Academic journal article Public Administration Quarterly

The Rich Diversity of the Public Administration Journals: Departments and Institutional Settings, Part 2

Academic journal article Public Administration Quarterly

The Rich Diversity of the Public Administration Journals: Departments and Institutional Settings, Part 2

Article excerpt

INTRODUCTION

The purpose of this article is to reflect on the literary diversity of public administration from the perspective of key journals. The findings should help administrators define public administration and interpret its interdisciplinary character. As such, the research continues the research agenda presented in "The Rich Diversity of the Public Administration Journals: Institutions and their Authors," of the previous issue of this journal.

To set up the analysis, the research question is presented. This discussion is followed by an explanation of the method and several sources and types of data used in the analysis. The evidence characterizes the contemporary authors who have published material in the leading referred public administration journals, hence, defining the current legacy of public administration. Third, the question is reflected on in detail, followed by the conclusion.

RESEARCH QUESTION

In this study we are trying to find out the degree to which individual journals reflect the breadth of contemporary research. If public administrators are truly reaching out to use methods and theories of the social sciences and if they are contributing to the growth of social science, then it might be reasonable to expect them to publish somewhat frequently in the host of journals that overlap or "boundary span" into at least a few targeted areas of the social sciences, including political science, public policy, and business. If the reach is little more than arm's length, then we can expect public administration scholars to publish in the "core" public administration journals, but little else. By examining the presence of literature authored by public administrators, the findings suggest that, if public administrators have grasped the rigors of method and the theoretical dispositions of social science, then their use of it is rather limited.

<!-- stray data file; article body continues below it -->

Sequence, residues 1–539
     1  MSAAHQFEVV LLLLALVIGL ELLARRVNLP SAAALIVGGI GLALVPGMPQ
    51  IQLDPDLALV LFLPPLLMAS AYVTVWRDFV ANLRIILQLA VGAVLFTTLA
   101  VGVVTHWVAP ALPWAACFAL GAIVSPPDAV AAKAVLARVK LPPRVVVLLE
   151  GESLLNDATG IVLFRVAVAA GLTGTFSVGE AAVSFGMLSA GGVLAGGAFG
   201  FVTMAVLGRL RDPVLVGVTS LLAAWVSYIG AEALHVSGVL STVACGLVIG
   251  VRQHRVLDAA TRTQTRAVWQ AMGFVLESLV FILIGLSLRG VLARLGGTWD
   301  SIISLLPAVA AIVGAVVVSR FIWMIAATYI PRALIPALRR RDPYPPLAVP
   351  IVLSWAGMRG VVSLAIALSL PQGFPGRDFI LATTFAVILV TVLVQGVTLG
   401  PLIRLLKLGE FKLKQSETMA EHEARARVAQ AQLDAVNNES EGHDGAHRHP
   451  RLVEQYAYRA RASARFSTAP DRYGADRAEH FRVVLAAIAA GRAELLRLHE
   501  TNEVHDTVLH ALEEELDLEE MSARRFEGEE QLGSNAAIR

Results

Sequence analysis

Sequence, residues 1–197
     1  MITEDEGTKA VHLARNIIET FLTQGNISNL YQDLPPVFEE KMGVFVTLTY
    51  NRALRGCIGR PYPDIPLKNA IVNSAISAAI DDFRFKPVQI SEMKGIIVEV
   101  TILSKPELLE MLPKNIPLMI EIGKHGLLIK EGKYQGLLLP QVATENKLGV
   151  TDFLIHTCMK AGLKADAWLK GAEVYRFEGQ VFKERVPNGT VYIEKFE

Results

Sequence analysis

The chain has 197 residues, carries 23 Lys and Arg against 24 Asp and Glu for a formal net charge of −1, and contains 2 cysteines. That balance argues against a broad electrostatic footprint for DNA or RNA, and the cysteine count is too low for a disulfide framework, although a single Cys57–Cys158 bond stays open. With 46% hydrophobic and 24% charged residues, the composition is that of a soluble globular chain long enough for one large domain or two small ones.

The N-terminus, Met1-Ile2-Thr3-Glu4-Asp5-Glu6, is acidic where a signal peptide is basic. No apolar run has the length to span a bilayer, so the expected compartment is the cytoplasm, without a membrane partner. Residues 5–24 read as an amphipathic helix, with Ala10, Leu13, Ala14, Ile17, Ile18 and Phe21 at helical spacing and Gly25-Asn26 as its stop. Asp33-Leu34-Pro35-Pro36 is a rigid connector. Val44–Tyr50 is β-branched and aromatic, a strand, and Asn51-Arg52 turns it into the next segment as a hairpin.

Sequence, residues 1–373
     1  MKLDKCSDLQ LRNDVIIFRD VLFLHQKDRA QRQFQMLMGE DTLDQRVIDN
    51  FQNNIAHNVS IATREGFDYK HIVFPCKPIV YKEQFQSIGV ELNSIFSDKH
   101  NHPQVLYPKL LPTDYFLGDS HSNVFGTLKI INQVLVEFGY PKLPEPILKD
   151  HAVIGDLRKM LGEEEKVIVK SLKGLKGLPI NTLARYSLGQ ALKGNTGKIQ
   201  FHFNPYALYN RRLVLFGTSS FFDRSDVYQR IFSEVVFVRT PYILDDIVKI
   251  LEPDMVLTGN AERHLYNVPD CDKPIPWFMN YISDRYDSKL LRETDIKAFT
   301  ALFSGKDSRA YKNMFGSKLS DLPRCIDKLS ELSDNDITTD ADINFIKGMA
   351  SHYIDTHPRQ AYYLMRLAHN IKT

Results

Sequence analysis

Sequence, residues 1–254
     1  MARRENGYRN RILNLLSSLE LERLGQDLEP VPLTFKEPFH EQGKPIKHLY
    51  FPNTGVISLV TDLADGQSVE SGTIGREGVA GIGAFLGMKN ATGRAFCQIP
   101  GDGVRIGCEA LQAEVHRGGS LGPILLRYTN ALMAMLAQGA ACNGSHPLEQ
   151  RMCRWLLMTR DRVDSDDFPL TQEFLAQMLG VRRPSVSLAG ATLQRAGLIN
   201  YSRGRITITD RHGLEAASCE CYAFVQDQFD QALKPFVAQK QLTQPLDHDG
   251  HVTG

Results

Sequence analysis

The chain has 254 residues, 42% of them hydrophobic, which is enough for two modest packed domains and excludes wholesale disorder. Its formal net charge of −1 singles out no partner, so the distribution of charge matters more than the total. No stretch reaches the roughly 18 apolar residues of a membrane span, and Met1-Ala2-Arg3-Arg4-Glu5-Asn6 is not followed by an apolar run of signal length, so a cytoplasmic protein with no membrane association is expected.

To address the question further, a proxy measure, albeit a very important measure, will be used to assess the degree to which journals appear to be "captured" or significantly influenced by specific institutions or by types of institutions. Capture exists, in the present content, when several of the articles in any one journal come predominantly from authors at one institution or type of institution. Less capture should indicate that a journal is more open to various methods of analysis and contending points of view. The predominance may be so small as to be insignificant, indicating that the journal may publish a potpourri of views and perspectives on a given issue. This we would expect to be true of the most general public administration journals which, by their nature, are substantively and methodologically open.

Where there is more capture, the less likely a journal may be entertaining contending methods and points of view on relevant issues. Capture may be most prevalent in specialized journals and relatively new journals. Specialized journals, by virtue of their mission, may be naturally most appealing to institutions whose niche matches that mission. Policy journals, for instance, may be dominated by researchers from APPAM (the Association for Public Policy Analysis and Management. This type of capture is likely to be somewhat permanent. New journals, by virtue of trying to survive and increase circulation, may be captured by their own institutional home. Such capture, however, is likely to be temporary. To the degree that capture exists, for better or for worse, the more opportunities a given few have to use select outlets to define the knowledge about public administration and structuring the research questions to be examined by future generations.

METHOD

As a follow-up to "Rich Diversity of the Public Administration Journals: Institutions and Their Authors," the method used here follows that exactly used in that study.

FINDINGS

Assessing the Boundaries

Contributions by Sector. …

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